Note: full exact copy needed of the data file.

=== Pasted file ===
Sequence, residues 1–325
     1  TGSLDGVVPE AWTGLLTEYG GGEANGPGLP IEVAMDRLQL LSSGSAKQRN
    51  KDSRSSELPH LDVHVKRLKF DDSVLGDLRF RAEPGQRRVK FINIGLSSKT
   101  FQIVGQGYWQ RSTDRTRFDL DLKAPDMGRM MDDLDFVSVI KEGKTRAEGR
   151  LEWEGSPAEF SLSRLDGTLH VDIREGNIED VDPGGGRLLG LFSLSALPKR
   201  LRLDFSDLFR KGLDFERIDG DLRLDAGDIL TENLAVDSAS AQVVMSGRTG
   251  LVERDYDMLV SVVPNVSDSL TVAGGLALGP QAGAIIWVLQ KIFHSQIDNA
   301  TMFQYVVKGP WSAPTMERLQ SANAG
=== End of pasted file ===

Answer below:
Sequence, residues 1–325
     1  TGSLDGVVPE AWTGLLTEYG GGEANGPGLP IEVAMDRLQL LSSGSAKQRN
    51  KDSRSSELPH LDVHVKRLKF DDSVLGDLRF RAEPGQRRVK FINIGLSSKT
   101  FQIVGQGYWQ RSTDRTRFDL DLKAPDMGRM MDDLDFVSVI KEGKTRAEGR
   151  LEWEGSPAEF SLSRLDGTLH VDIREGNIED VDPGGGRLLG LFSLSALPKR
   201  LRLDFSDLFR KGLDFERIDG DLRLDAGDIL TENLAVDSAS AQVVMSGRTG
   251  LVERDYDMLV SVVPNVSDSL TVAGGLALGP QAGAIIWVLQ KIFHSQIDNA
   301  TMFQYVVKGP WSAPTMERLQ SANAG